Several studies have sought to evaluate the economic costs and benefits of investing in sanitation. These studies highlight the economic gains associated with improved sanitation, raising awareness among decision-makers of the importance of such investments. To increase our understanding of the sanitation sector, however, it is critical to go further and apply economics to the analysis of how sanitation markets work or, more often, fail, so as to identify potential improvements. Sustainable sanitation requires that several mutually dependent services be provided, including collection, transport, treatment, and reuse. In each of these segments, service delivery is often inadequate due to failures either on the demand or on the supply side. Investments by households or service providers are driven by their own perception of economic benefits rather than macroeconomic arguments. This paper argues that economics can be used to evaluate what drives decisions across all these segments and support public policymaking to ensure access to sustainable sanitation services.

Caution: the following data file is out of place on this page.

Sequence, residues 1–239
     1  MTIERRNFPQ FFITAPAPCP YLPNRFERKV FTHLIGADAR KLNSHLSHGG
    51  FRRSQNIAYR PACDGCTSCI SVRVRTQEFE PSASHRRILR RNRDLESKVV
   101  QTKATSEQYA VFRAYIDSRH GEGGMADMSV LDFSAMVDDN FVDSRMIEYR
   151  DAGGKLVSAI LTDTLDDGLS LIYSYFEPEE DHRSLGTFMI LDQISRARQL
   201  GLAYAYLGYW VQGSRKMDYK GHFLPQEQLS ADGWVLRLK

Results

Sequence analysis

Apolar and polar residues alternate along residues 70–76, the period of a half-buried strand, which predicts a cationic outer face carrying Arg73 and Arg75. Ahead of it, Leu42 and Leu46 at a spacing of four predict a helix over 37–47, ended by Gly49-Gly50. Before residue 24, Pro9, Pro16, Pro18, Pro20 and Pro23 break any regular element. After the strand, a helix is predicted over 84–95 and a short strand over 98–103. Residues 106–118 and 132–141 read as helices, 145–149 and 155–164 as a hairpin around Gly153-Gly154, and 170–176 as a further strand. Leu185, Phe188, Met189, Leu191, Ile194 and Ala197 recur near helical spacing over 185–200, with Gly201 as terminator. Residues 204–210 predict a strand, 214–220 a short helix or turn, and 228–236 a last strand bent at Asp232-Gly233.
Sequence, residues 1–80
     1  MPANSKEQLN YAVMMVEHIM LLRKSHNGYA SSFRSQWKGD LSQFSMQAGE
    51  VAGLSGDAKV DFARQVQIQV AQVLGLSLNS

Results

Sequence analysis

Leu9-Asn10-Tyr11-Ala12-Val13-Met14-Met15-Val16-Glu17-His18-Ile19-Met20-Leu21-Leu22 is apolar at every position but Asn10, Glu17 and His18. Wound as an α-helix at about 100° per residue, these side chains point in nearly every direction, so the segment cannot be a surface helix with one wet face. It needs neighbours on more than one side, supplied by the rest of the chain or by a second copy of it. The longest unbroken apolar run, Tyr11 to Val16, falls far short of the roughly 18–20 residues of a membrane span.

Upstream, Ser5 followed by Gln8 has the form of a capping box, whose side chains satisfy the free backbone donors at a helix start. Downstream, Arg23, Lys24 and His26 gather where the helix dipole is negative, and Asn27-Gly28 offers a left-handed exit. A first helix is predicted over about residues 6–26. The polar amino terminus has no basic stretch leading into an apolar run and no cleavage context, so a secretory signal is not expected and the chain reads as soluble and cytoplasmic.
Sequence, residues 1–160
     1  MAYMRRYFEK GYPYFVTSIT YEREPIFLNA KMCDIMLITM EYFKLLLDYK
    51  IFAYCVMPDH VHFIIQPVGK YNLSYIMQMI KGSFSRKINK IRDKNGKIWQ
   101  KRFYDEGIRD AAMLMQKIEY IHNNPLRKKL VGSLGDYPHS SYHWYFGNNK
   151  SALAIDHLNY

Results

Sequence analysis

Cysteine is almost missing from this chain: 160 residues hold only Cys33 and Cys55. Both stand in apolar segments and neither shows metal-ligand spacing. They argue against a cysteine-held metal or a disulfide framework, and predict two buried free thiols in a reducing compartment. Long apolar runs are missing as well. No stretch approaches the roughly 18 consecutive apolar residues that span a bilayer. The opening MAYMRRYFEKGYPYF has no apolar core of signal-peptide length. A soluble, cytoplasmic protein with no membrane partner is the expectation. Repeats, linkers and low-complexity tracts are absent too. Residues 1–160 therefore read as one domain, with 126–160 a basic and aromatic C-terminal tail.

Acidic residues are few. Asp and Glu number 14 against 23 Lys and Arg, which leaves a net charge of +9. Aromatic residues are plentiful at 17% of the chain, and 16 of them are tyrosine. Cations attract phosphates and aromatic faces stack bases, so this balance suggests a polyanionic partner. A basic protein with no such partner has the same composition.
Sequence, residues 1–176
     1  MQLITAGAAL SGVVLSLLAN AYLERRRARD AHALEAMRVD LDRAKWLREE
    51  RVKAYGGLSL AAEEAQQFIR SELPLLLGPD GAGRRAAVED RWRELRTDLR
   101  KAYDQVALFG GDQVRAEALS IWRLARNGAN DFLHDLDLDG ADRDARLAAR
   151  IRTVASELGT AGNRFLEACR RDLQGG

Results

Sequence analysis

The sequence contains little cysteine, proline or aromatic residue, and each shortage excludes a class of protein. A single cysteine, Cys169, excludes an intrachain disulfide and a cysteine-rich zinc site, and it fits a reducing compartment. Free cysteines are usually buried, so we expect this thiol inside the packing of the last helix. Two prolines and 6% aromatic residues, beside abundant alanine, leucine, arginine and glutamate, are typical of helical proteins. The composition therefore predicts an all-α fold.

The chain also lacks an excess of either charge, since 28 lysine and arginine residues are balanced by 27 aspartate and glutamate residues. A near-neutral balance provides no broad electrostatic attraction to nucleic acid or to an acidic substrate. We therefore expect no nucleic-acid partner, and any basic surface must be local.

Trémolet, S. Sanitation economics: understanding why sanitation markets fail and how they can improve. Waterlines (2013) 32 (4) 273-285. [DOI: 10.3362/1756-3488.2013.029]
Sanitation economics: understanding why sanitation markets fail and how they can improve